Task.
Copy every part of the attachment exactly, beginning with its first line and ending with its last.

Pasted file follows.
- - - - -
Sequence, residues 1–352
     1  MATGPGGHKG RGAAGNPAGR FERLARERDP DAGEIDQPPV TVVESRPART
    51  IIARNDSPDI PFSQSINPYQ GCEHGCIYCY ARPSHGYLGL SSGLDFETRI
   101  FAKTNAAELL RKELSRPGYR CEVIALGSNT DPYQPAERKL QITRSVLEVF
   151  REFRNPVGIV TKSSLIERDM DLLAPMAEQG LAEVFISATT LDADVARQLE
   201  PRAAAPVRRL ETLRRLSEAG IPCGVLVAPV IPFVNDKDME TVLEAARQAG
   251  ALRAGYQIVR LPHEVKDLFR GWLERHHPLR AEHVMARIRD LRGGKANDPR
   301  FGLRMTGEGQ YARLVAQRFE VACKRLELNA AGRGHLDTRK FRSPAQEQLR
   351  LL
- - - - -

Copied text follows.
Sequence, residues 1–352
     1  MATGPGGHKG RGAAGNPAGR FERLARERDP DAGEIDQPPV TVVESRPART
    51  IIARNDSPDI PFSQSINPYQ GCEHGCIYCY ARPSHGYLGL SSGLDFETRI
   101  FAKTNAAELL RKELSRPGYR CEVIALGSNT DPYQPAERKL QITRSVLEVF
   151  REFRNPVGIV TKSSLIERDM DLLAPMAEQG LAEVFISATT LDADVARQLE
   201  PRAAAPVRRL ETLRRLSEAG IPCGVLVAPV IPFVNDKDME TVLEAARQAG
   251  ALRAGYQIVR LPHEVKDLFR GWLERHHPLR AEHVMARIRD LRGGKANDPR
   301  FGLRMTGEGQ YARLVAQRFE VACKRLELNA AGRGHLDTRK FRSPAQEQLR
   351  LL